She said Council member Emilie Swearingen told them they had installed the windows backwards but, "We don't know how you can do that."
Lawing said, "We've had power since November 7th and would have been moved in the house if the one we lived in had been sold. We had no clue we were not signed off or that we didn't have a final inspection. We had to hear it from a third party. When I called for a final inspection in late October, again I had to call three times, we didn't ask for any favors about turning any power on. We asked for a final inspection. John went through the house and the yard and said everything looked good. He said it turned out nice."
She said, "He asked for a plot-plan and we called Stewart Jones who is a professional land surveyor who we've used for many years and Stewart came and did the plot-plan and height elevation which we hand carried to John and he said everything was ok and he would call it in for final power. We asked for a final inspection. What was he there for? If there was anything wrong he should have said so then. He asked about grass seed and we told him we were putting out sod and would wait until we had power so we could irrigate."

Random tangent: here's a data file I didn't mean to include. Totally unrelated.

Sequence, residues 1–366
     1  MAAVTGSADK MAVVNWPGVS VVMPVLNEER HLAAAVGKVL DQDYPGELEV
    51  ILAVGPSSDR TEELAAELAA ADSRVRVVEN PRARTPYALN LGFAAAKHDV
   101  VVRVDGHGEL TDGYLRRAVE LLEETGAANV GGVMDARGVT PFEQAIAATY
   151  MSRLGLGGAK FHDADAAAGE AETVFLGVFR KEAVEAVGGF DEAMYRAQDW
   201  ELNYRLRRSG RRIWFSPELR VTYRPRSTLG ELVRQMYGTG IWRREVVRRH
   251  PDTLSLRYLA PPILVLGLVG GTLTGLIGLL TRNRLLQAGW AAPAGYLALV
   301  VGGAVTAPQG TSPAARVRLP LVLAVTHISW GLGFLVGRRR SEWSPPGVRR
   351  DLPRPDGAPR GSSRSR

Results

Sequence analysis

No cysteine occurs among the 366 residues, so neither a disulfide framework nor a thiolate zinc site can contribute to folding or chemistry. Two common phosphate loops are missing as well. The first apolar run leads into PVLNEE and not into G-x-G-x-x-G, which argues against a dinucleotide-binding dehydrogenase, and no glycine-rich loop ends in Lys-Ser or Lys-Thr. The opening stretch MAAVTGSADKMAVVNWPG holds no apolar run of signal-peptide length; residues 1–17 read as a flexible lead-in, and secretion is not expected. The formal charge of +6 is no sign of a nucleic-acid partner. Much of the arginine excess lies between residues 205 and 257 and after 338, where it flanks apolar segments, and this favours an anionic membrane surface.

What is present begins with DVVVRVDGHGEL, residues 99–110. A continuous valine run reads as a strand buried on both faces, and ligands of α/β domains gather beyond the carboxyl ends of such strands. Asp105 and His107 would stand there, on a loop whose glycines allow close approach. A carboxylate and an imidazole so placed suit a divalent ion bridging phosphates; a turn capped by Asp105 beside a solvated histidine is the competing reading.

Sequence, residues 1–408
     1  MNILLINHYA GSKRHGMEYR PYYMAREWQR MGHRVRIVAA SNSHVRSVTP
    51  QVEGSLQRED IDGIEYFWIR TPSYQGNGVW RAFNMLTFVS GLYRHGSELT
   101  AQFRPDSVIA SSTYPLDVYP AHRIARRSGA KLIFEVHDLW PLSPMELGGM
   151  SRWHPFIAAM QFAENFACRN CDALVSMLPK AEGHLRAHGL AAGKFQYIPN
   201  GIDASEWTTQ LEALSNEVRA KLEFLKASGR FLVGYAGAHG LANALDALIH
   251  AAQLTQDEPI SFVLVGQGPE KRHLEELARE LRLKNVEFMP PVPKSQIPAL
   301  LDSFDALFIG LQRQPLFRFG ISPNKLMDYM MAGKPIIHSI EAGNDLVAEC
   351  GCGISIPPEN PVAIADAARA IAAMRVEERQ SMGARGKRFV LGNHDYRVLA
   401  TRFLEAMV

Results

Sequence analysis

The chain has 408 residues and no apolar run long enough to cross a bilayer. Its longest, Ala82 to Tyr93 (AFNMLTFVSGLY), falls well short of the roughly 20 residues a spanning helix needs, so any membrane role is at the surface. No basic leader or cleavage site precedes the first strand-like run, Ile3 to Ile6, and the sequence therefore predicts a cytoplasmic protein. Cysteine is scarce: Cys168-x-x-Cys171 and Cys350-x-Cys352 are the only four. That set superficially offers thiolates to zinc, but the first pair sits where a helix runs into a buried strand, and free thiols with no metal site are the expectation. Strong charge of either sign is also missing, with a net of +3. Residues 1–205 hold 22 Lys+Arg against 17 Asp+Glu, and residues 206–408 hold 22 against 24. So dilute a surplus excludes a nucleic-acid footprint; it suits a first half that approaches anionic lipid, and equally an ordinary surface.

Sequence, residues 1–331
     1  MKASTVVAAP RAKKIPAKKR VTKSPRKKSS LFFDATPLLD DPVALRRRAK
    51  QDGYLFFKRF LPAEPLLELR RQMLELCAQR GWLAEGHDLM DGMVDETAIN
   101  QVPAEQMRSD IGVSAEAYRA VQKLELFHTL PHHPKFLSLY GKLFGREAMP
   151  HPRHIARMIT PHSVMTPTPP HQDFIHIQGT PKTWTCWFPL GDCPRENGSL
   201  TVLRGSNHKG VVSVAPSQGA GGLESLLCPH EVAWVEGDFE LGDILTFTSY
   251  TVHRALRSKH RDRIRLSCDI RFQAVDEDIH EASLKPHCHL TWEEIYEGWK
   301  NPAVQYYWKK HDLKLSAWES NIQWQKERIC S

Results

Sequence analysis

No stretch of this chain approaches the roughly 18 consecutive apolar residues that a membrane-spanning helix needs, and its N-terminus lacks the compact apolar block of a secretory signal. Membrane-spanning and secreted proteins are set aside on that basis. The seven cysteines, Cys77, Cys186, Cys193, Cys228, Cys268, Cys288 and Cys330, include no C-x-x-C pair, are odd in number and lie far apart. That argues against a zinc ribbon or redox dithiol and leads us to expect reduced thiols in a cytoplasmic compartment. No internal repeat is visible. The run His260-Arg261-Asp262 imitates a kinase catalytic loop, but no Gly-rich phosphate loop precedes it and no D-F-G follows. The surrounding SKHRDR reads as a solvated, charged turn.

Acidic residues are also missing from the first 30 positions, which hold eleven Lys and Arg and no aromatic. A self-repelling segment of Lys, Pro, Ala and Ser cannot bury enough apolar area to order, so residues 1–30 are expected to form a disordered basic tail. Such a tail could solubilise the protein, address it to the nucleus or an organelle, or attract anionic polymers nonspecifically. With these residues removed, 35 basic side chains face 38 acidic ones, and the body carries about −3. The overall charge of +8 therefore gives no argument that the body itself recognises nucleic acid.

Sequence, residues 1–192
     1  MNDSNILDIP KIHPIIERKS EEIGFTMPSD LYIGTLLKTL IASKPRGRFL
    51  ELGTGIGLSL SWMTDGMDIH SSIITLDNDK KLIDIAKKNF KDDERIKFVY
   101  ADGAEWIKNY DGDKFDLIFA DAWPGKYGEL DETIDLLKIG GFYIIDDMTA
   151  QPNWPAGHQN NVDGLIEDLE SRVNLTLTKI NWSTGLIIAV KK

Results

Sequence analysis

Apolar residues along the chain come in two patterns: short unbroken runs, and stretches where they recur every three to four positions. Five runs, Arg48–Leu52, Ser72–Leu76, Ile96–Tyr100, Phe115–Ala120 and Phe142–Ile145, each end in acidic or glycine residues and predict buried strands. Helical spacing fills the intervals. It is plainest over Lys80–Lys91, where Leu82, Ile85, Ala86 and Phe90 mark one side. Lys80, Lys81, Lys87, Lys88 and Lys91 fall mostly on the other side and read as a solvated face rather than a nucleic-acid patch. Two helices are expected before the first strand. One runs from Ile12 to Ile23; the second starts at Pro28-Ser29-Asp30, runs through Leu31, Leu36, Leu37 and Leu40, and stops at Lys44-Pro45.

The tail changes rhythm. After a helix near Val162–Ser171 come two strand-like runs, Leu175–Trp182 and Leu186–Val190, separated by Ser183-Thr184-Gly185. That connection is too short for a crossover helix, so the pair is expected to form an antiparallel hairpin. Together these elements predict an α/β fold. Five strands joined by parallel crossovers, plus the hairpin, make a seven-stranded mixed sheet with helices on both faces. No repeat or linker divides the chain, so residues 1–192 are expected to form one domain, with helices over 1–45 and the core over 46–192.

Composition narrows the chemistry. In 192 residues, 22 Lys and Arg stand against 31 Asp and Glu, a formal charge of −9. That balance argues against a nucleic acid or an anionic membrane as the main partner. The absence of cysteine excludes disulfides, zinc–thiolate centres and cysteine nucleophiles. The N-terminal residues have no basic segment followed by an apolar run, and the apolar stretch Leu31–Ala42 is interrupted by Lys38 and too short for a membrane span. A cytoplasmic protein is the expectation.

She said temporary power was available, but they wanted to wait until the permanent power was cut on to hook up the irrigation.
 She said John, "said he trusted us to put the sod out. The yard was completely ready for the irrigation system and the palm trees were there. The only thing that wasn't down as far as the landscaping was the sod. Had he asked me for a thousand dollars I would have sure told him just wait until we get the sod
out and then do the inspection. John did not know anything was wrong on the building permit, he didn't say anything was wrong. When we carried the plan to him he said it looked fine and I'm going to turn it lose for power."
Lawing said, "The stickers were on the windows at the framing inspection when an inspector is supposed to check. Why would you wait until a house is complete and a builder has spent hundreds of thousands of dollars to see if the right windows were in place? The stickers were still there at the final inspection but once we got power we cleaned up the house."